Both these drives can be used to store and play PS4 games, however, they won’t benefit from the advantages of being stored directly onto the PS5’s NVMe drive. You can also store PS5 games on an external hard drive or SSD, but they won’t be playable unless you transfer them across to the internal drive.
|Can you play PS5 games from it?||Can you play PS4 games from it?||Can you play PS5/PS4 games from it?||Can you store PS5 games?|
|PS5 internal NVMe||Yes||Yes (they will benefit from faster load times)||Yes||Yes|
|External HDD (USB 3.1)||No||Yes||No, only PS4 games||Yes, but PS5 games can only be played from the NVMe SSD|
|External SSD (USB 3.1)||No||Yes (they will benefit from faster load times)||No, only PS4 games||Yes, but PS5 games can only be played from the NVMe SSD|
Xbox Series X storage: how much do you get?
The Xbox Series X comes with a 1TB NVMe SSD, while the Xbox Series S is equipped with a 512GB NVMe SSD. The Xbox Series X is reported to have 802GB of usable storage, which means 198GB is reserved for system files and the Xbox operating system.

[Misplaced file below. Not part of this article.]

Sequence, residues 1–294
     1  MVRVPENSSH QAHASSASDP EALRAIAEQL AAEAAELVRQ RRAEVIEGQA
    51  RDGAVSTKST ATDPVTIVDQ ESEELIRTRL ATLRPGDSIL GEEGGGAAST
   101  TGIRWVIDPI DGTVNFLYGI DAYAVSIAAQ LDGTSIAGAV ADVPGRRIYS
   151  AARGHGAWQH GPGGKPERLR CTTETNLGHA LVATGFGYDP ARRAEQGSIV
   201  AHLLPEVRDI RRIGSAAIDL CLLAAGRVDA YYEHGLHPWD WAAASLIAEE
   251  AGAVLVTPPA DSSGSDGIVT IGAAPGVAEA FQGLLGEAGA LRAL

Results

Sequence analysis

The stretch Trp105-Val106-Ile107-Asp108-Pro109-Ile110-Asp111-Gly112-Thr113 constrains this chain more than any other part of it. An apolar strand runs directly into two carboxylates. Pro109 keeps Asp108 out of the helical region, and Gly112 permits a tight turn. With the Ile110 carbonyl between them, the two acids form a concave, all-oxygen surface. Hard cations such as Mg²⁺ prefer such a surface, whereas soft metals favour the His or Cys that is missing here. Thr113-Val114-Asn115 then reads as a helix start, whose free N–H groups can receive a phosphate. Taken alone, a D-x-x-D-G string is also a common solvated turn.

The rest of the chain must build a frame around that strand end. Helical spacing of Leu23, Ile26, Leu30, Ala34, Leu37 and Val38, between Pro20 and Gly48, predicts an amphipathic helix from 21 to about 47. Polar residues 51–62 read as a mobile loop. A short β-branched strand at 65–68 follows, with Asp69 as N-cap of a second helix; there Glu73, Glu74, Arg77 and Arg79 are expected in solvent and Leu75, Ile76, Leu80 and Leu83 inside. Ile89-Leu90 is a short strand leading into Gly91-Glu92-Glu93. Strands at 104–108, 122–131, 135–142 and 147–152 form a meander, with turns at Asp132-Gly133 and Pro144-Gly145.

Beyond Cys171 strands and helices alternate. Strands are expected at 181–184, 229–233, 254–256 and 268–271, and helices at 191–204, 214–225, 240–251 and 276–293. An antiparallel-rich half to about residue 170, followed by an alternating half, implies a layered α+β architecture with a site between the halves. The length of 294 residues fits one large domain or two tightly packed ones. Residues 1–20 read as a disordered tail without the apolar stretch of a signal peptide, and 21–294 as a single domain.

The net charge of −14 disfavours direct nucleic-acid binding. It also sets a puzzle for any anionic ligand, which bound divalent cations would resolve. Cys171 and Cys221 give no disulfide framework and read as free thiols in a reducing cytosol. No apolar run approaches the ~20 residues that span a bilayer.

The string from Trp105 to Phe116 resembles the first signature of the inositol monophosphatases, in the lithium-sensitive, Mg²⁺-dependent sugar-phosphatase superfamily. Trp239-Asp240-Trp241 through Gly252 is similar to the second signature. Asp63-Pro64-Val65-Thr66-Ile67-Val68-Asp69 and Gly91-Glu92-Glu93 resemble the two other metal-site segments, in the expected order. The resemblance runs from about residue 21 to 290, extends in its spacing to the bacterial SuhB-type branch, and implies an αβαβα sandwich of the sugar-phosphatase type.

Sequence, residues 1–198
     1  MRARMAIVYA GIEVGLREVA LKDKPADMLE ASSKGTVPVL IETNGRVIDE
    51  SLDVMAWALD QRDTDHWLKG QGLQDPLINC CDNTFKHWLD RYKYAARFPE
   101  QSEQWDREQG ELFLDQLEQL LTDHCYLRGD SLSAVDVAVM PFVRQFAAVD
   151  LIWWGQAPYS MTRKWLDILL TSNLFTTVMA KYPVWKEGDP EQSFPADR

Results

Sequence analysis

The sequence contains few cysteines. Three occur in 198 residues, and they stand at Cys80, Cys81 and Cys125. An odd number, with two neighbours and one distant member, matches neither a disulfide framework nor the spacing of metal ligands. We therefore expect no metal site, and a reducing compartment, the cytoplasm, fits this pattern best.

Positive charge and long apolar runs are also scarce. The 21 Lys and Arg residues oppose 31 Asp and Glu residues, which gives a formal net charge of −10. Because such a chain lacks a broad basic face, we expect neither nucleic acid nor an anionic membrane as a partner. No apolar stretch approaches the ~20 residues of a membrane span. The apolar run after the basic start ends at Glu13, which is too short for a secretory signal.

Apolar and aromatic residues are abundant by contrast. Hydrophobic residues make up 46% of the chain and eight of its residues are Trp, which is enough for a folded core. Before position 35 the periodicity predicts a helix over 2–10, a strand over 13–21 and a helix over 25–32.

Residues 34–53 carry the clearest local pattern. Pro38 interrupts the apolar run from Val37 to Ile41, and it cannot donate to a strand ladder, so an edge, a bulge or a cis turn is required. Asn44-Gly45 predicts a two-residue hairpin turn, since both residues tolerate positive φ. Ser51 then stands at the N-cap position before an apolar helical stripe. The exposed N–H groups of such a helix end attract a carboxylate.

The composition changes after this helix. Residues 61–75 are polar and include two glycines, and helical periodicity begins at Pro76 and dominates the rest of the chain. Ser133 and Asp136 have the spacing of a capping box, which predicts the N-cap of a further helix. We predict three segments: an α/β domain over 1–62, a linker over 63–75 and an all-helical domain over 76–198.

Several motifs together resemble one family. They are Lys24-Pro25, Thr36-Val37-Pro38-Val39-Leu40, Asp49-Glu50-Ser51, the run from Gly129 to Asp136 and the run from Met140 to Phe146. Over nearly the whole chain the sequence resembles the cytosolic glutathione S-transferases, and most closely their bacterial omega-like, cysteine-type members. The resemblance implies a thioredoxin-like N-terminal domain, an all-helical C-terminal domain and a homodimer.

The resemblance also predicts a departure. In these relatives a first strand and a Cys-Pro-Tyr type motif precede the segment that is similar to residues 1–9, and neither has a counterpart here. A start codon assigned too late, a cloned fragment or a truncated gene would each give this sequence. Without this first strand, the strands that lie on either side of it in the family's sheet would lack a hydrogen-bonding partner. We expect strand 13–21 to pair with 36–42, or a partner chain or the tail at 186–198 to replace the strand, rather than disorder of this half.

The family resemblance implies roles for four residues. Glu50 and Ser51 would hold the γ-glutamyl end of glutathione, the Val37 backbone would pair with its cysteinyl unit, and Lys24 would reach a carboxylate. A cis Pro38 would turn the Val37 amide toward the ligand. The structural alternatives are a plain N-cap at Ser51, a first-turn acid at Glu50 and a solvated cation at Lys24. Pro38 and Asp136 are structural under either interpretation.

We’ve yet to discover how much usable memory is available on the Xbox Series S, however, games will take up 30% less room than their Xbox Series X counterparts as file sizes are reduced due to developers not targeting a 4K resolution.
How to expand Xbox Series X/S storage
Unlike Sony, Microsoft’s solution to expanding the Xbox Series X/S’s internal memory with more super-fast NVMe storage is far more elegant. Microsoft is releasing a 1TB Storage Expansion Card at launch that slots into the back of both consoles, much like a memory card. Again, anything you store on the NVMe drives will benefit from the full suite of power that the Xbox Series X/S provide, including features like Quick Resume.